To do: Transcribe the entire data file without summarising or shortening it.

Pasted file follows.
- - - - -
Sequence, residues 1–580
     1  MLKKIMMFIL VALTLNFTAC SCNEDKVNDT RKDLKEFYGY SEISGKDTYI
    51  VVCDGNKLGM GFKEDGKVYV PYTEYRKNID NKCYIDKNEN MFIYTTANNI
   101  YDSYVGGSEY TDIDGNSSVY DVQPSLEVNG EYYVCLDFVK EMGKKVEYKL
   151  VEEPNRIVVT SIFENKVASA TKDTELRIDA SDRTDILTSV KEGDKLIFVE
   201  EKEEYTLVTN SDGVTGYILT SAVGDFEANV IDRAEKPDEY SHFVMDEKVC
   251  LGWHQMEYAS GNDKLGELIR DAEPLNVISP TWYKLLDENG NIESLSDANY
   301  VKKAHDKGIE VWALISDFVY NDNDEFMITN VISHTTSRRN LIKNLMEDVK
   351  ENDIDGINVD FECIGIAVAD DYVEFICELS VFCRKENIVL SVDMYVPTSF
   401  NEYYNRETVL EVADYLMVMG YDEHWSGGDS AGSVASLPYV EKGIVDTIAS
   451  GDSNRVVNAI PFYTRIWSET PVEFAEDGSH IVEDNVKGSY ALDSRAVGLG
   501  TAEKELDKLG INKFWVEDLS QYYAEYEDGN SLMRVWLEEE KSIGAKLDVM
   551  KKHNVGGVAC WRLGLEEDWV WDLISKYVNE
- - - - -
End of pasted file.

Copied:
Sequence, residues 1–580
     1  MLKKIMMFIL VALTLNFTAC SCNEDKVNDT RKDLKEFYGY SEISGKDTYI
    51  VVCDGNKLGM GFKEDGKVYV PYTEYRKNID NKCYIDKNEN MFIYTTANNI
   101  YDSYVGGSEY TDIDGNSSVY DVQPSLEVNG EYYVCLDFVK EMGKKVEYKL
   151  VEEPNRIVVT SIFENKVASA TKDTELRIDA SDRTDILTSV KEGDKLIFVE
   201  EKEEYTLVTN SDGVTGYILT SAVGDFEANV IDRAEKPDEY SHFVMDEKVC
   251  LGWHQMEYAS GNDKLGELIR DAEPLNVISP TWYKLLDENG NIESLSDANY
   301  VKKAHDKGIE VWALISDFVY NDNDEFMITN VISHTTSRRN LIKNLMEDVK
   351  ENDIDGINVD FECIGIAVAD DYVEFICELS VFCRKENIVL SVDMYVPTSF
   401  NEYYNRETVL EVADYLMVMG YDEHWSGGDS AGSVASLPYV EKGIVDTIAS
   451  GDSNRVVNAI PFYTRIWSET PVEFAEDGSH IVEDNVKGSY ALDSRAVGLG
   501  TAEKELDKLG INKFWVEDLS QYYAEYEDGN SLMRVWLEEE KSIGAKLDVM
   551  KKHNVGGVAC WRLGLEEDWV WDLISKYVNE